When organizing events, it is important to make sure that they are accessible for disabled visitors. If your event is inaccessible or dangerous for people with disabilities, you are at risk of receiving complaints, damaging to your reputation, or reducing the number of visitors to the event. There are also safety issues to consider. Some events organizers have even got into legal trouble for discrimination because of bad organization!
If you are planning an event, it can often be tricky to know what you need to do to make your event disability friendly. This article will highlight some of the steps you can take to make sure that your event is accessible to all.
Improve Wheelchair Access With Ramps
When we think of access for disabled people, the first point that we often think of is access for wheelchair users. Many buildings have wheelchair access ramps, and it is best to choose these buildings to host your event if possible. If any essential stairs or platforms do not have wheelchair access facilities, you can install temporary ramps. Floor layouts should also be designed to allow access for wheelchairs and mobility scooters.
Use Induction Loop Facilities
Like access ramps, you should ideally choose a building that has induction loop facilities for hearing aids installed. If a building does not have these installed already, you can hire temporary induction loops for your event.
Plan Audiovisual Presentations Carefully
If your event features the use of audiovisual presentations, there are a few factors that you will have to bear in mind when it comes to viewers with disabilities. Users with hearing aids can find presentations with very loud sound distressing and painful. Users who are deaf or hard of hearing may also struggle to hear what is being displayed. If this is the case, you should make sure that video presentations have sufficient subtitles. Even if you are broadcasting a live video, you can use live captioning software to provide subtitles for viewers.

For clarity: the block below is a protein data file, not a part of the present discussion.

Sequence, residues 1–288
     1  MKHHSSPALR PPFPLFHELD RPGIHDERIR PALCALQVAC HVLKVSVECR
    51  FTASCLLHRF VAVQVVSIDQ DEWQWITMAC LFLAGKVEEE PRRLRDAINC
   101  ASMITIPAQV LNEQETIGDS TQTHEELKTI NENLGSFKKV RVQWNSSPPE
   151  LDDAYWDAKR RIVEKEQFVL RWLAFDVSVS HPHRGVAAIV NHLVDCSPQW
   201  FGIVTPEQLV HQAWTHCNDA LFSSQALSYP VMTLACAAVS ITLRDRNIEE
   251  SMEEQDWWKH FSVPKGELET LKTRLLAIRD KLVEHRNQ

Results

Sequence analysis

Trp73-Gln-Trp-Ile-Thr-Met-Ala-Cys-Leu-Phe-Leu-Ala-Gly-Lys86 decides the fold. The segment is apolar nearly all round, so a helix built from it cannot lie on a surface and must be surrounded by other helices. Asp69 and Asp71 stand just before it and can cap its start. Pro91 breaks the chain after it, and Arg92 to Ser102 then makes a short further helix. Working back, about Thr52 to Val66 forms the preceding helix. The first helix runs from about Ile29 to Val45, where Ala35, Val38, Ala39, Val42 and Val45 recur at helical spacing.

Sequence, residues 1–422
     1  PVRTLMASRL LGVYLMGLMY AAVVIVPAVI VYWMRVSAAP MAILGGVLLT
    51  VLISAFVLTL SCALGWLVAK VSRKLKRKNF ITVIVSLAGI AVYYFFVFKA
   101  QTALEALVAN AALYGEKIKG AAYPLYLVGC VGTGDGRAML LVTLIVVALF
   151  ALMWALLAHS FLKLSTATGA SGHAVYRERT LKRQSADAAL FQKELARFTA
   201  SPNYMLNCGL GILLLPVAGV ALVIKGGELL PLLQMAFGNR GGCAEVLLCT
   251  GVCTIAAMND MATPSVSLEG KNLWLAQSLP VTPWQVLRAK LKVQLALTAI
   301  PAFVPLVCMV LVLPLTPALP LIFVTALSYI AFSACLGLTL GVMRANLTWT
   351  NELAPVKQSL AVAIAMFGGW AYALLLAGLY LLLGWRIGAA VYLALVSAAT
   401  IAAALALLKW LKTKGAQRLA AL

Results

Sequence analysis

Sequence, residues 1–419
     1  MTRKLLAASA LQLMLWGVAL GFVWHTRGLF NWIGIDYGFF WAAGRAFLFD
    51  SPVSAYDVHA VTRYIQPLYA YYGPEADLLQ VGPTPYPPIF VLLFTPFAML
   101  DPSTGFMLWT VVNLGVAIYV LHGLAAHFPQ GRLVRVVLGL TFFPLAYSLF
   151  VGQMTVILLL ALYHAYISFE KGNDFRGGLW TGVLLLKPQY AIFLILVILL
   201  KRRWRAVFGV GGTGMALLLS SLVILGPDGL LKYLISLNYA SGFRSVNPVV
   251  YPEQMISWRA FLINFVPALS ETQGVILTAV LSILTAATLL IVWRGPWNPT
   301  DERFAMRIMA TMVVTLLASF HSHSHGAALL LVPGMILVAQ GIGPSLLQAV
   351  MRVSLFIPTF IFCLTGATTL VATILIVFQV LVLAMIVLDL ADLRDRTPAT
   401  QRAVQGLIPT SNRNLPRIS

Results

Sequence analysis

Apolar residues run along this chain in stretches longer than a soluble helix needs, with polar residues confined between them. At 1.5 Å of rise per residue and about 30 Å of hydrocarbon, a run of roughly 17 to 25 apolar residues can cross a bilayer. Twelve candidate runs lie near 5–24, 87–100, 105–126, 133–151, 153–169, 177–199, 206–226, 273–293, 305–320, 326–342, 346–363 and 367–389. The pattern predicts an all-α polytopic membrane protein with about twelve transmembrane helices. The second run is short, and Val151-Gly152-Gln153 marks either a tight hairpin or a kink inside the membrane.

In terms of visuals, avoid flashing lights such as strobe lights, as these can trigger seizures in people with epilepsy. If flashing lights cannot be avoided, there should be clear and sufficient warning at the start of the video, as well as signage around the venue. To avoid the chances of a visitor with epilepsy being unwittingly exposed to flashing lights, include warnings on the promotional material advertising the event beforehand, and on any tickets.
Use Reserved Seating
You may need to reserve specific seats for some visitors. These visitors include people who are hard of hearing (who may need to be closer to speakers and/or to interpreters), people who have impaired vision, people who are in wheelchairs or mobility scooters, and people who use guide dogs. If visitors have guide dogs, the dogs should also be provided for, with water and space for exercise. If your event includes a buffet, you may need to use servers to bring food directly to the tables of people who are in these seats.
There are many ways in which you can make your event disability friendly. If you are in doubt, check your local health and safety regulations in order to avoid the risk of discriminating people because of a badly organized event.